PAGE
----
One was Delegator, who also ran well for a green colt in fifth. His work at Manton this spring has prompted a lot of chatter, and he certainly outclassed some inferior rivals when given a trial over course and distance a couple of weeks ago. But now that it is so much easier to get a horse fit at home, these days many trainers are wary of giving a horse a run so close to its main target. It will be interesting to see if Delegator matches his Craven Stakes form.
But Cityscape is unlikely to have been bottomed out by his comeback over a trip short of his best while Evasive made giant strides last autumn and has been persuasively touted in Newmarket. Galileo's half-brother, Sea The Stars, may enter the Epsom equation; likewise Gan Amhras, who represents Bolger this time round.
Gosden must wait until tomorrow to see if he can gild his brilliant start to the campaign with a Classic. As the outstanding juvenile filly of 2008, Rainbow View is the one to beat in the 1,000 Guineas, but potentially has more scope for mental disintegration than physical development. Heart Shaped, will definitely go well at an each-way price, but preference is for Cuis Ghaire (tomorrow, 3.15).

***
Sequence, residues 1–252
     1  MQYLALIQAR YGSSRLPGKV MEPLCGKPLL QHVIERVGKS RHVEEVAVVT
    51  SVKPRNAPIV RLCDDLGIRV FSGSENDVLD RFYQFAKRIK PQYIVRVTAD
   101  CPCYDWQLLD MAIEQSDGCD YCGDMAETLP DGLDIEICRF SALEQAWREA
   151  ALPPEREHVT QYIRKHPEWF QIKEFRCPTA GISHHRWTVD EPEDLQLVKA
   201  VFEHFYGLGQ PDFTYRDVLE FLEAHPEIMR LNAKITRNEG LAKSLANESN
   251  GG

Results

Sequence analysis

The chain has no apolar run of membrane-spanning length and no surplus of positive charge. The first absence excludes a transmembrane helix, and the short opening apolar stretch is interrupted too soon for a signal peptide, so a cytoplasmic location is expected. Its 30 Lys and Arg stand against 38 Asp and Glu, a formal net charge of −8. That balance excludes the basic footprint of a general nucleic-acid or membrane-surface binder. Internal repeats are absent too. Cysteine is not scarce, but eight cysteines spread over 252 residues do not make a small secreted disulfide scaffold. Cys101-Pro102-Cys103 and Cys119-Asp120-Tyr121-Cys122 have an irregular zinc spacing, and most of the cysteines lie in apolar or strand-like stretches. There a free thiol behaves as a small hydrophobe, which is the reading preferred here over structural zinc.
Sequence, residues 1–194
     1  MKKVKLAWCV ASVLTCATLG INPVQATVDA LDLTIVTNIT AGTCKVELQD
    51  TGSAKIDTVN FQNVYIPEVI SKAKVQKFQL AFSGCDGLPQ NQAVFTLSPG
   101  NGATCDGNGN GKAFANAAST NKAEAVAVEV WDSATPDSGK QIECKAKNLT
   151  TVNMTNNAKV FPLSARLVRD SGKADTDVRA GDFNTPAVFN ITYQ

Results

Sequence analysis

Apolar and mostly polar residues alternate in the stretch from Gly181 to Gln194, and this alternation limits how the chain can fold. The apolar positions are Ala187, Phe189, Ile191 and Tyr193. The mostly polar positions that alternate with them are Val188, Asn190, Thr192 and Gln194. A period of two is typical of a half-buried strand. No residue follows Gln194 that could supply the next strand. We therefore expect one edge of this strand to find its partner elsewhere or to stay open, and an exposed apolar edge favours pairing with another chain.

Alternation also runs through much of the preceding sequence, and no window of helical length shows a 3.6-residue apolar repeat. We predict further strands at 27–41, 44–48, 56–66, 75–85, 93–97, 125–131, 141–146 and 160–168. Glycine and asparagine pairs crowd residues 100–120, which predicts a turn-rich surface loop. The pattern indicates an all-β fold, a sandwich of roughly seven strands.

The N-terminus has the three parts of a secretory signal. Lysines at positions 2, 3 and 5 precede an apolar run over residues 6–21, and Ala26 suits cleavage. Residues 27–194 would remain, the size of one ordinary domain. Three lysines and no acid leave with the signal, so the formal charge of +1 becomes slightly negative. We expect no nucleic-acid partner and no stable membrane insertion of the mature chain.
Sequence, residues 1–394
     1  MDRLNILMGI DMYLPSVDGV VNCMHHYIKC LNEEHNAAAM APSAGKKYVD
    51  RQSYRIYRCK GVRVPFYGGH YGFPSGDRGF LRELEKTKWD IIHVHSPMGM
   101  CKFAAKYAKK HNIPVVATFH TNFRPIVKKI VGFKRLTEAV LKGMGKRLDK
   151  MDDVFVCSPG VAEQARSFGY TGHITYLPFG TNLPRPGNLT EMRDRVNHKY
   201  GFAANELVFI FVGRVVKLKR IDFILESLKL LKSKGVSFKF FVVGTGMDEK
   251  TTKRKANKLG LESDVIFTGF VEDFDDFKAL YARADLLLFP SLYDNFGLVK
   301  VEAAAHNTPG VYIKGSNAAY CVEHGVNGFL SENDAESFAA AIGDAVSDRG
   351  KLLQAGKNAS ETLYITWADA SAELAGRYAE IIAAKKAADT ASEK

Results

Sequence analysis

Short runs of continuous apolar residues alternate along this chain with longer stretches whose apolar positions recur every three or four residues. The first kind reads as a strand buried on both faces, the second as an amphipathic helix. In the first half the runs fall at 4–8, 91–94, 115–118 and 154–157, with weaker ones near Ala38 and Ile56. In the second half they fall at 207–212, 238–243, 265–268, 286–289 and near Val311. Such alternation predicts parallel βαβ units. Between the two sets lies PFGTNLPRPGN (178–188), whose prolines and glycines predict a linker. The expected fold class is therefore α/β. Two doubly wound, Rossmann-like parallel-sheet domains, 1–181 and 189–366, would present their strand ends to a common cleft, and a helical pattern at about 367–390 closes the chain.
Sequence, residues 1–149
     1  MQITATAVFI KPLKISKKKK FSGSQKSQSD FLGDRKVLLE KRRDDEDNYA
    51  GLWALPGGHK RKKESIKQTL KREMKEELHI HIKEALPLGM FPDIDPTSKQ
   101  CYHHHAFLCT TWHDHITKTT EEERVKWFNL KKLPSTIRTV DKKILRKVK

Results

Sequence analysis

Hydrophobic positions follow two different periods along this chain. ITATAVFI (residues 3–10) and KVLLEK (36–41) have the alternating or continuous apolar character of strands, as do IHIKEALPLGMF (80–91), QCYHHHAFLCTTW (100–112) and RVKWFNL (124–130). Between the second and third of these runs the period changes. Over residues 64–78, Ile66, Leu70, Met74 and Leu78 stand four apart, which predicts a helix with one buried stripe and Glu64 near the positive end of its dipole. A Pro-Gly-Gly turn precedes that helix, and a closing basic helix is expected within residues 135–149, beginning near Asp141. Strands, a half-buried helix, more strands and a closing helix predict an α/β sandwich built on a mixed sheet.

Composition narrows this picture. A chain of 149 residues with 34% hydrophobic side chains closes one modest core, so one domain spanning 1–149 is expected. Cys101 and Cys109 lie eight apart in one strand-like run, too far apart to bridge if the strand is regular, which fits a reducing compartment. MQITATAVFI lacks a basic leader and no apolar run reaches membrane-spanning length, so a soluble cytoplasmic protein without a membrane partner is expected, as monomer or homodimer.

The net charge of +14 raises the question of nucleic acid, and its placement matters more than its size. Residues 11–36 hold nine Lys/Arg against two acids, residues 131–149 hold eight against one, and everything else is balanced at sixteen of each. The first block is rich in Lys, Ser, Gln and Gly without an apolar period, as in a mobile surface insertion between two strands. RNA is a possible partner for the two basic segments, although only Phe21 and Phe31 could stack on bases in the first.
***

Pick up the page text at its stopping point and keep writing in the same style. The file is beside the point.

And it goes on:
Very highly regarded by Bolger, she represents the same formula as Rip Van Winkle, by Galileo out of a fast mare, and bumped into that colt after her win over six furlongs at Royal Ascot last year. She then ran poorly in soft ground and was not seen again, but has evidently renewed confidence with her work this spring.
It would be rather startling, for both Guineas winners to have met in a four-runner race at Leopardstown the previous July. But O'Brien and his mentor, Bolger, clearly think along parallel lines. And, when it comes to testing the vintage, it is always wise to leave yourself in the hands of the master sommeliers.
Mullins' winner machine grinds on with Mikael
If he has made the entire season his masterpiece, Willie Mullins certainly scrawled his signature across the final corner of the canvas at Punchestown this week. Another three winners yesterday took his tally for the Festival to 11 – a staggering achievement, and all the more so for the number whose best days still lie ahead of them.
As expected, for instance, Mullins dominated the Land Rover Champion Novice Hurdle, Mikael D'Haguenet outstaying his stablemate, Cousin Vinny, to complete an immaculate first campaign for the stable. Both horses are now likely to go chasing. "Mikael must be a machine," Mullins said. "Cousin Vinny did some tremendous work last week, but the chances are he has run the race of his life to finish second."
Mullins had been obliged to settle for third with Quevega in the Rabobank Champion Hurdle, where Solwhit confirmed his arrival among the elite at the narrow expense of Punjabi. Damned with rather faint praise after his success at Cheltenham, if anything Punjabi enhanced his reputation in defeat, but Charles Byrnes will be after his crown next March. "He has the lot," Solwhit's trainer said. "Speed, stamina and toughness as well." Solwhit is down to 9-1 for the Smurfit Champion Hurdle with Coral, but there are no prizes for remembering who trains the 5-2 favourite, Hurricane Fly.
Nap: Rip Van Winkle (3.10 Newmarket)
NB: Lennie Briscoe (4.40 Goodwood)